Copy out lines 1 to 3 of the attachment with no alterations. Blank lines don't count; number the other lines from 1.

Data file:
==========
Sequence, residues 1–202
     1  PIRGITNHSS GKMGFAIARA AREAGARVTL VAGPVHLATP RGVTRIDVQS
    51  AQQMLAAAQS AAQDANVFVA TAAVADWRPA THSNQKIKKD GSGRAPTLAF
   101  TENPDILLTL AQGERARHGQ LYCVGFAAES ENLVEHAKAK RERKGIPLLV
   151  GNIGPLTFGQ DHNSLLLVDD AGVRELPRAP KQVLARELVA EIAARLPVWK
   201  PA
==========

Sequence, residues 1–202
     1  PIRGITNHSS GKMGFAIARA AREAGARVTL VAGPVHLATP RGVTRIDVQS
    51  AQQMLAAAQS AAQDANVFVA TAAVADWRPA THSNQKIKKD GSGRAPTLAF